BAMAKO, Mali — Many French guests came through the guesthouse where El Bachir Thiam worked as a security guard, a small oasis of greenery in busy Bamako, the capital of the West African country of Mali. They were friendly, usually, and he liked them.
But after he had welcomed them in, shown them to their rooms and reassured them that Bamako was safe, not the hotbed of terrorist activity it might seem from outside, he went back to his phone, where his activist WhatsApp groups were focused on one thing. Getting the French — their businesses, diplomats and thousands of troops — out of Mali.
Over the past few years there has been a sharp rise in criticism of France across its former colonies in Africa, rooted in a feeling that colonialist practices and paternalistic attitudes never really ended, and propelled by a tide of social media posts, radio shows, demonstrations and conversations on the street.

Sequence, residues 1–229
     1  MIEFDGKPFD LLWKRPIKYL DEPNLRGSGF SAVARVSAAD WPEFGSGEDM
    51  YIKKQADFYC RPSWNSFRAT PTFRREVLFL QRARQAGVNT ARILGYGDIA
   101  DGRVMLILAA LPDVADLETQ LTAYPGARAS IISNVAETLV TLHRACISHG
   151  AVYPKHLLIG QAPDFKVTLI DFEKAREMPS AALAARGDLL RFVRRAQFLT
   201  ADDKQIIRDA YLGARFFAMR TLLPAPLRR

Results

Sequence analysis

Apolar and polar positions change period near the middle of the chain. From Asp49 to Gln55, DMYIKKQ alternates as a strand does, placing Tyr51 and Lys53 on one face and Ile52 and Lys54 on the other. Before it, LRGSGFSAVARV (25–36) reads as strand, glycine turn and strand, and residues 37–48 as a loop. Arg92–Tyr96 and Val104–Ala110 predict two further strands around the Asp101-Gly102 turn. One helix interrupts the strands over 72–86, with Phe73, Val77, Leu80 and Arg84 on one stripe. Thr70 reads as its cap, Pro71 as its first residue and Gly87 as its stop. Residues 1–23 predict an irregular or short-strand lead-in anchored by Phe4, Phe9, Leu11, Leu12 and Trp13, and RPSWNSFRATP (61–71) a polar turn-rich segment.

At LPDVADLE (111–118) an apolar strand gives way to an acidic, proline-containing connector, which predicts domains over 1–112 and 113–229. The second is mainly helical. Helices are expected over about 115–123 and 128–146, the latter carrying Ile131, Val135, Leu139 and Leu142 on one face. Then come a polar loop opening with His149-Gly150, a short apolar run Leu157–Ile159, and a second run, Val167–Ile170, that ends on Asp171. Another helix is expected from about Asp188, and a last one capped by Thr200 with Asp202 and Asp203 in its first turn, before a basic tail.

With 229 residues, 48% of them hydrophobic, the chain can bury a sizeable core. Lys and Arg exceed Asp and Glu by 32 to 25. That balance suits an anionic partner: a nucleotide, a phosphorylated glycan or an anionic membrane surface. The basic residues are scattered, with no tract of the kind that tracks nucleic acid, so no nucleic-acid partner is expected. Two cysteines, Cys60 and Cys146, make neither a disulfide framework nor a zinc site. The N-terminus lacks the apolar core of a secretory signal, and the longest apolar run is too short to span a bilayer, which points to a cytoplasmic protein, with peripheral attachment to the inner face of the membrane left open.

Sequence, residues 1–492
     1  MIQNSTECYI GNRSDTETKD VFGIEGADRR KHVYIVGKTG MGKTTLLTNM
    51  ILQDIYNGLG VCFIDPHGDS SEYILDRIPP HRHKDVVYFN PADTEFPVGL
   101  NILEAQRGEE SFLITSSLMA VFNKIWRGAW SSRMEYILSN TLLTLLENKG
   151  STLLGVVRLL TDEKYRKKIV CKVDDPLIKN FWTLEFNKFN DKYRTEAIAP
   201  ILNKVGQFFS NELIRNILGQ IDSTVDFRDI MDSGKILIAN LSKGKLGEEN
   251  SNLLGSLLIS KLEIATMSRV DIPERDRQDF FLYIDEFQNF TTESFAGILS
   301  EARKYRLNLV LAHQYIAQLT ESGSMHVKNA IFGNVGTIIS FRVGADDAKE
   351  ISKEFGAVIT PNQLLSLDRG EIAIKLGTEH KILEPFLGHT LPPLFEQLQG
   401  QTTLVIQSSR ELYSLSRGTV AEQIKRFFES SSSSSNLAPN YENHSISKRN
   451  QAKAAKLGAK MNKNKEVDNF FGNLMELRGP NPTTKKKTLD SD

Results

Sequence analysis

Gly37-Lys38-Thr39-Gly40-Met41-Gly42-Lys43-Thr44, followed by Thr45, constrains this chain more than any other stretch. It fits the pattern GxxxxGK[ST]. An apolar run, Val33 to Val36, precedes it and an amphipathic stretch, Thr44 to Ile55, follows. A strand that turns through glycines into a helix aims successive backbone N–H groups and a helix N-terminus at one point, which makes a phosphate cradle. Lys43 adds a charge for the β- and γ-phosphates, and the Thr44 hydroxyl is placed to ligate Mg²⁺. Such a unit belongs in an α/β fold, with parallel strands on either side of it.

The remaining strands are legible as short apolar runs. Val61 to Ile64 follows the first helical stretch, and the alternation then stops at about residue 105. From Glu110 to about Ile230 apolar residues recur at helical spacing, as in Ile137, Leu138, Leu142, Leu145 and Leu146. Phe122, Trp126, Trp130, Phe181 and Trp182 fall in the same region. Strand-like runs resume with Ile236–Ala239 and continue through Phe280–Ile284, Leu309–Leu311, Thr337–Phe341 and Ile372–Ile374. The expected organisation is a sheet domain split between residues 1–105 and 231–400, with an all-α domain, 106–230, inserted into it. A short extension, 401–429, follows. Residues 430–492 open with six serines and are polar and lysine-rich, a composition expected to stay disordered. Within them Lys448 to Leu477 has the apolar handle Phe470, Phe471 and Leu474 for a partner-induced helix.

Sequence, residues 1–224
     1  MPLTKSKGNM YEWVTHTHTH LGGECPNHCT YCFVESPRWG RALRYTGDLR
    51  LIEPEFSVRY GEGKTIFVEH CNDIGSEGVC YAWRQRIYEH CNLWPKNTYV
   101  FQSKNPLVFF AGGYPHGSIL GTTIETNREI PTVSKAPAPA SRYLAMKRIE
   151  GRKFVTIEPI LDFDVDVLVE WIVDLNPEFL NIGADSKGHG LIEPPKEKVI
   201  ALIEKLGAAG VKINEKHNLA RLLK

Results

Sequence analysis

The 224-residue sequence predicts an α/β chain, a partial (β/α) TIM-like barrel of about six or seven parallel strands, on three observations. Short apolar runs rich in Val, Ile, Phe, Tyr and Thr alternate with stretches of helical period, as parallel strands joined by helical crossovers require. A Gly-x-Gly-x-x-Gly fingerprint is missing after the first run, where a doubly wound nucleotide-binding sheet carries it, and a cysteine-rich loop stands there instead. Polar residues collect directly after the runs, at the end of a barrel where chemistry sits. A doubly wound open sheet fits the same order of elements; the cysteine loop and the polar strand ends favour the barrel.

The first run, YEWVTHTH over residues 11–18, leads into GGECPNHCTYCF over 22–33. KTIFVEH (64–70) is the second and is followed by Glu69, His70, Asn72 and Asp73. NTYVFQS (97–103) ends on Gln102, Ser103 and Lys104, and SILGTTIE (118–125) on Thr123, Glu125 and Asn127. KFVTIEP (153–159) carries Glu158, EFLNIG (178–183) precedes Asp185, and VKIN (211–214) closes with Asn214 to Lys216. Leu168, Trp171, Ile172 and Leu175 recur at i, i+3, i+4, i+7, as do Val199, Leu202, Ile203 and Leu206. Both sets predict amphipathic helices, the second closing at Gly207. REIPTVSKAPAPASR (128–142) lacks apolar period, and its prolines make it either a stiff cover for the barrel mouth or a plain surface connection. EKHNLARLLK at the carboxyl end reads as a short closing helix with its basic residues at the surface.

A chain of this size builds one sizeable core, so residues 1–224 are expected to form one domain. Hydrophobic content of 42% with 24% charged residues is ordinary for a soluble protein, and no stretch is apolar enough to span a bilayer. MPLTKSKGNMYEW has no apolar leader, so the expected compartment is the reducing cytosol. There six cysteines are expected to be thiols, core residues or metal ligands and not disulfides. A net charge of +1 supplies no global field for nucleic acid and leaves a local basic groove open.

In Senegal, young people attending protests last year accused the president of being a puppet of the French president, Emmanuel Macron, who is currently vying for a second term. They smashed the windows of French gas stations and set fire to French supermarkets.
In Burkina Faso, as a coup d’état unfolded in January, tailors tore up French flags and pieced the tricolors back together horizontally to make Russian ones.
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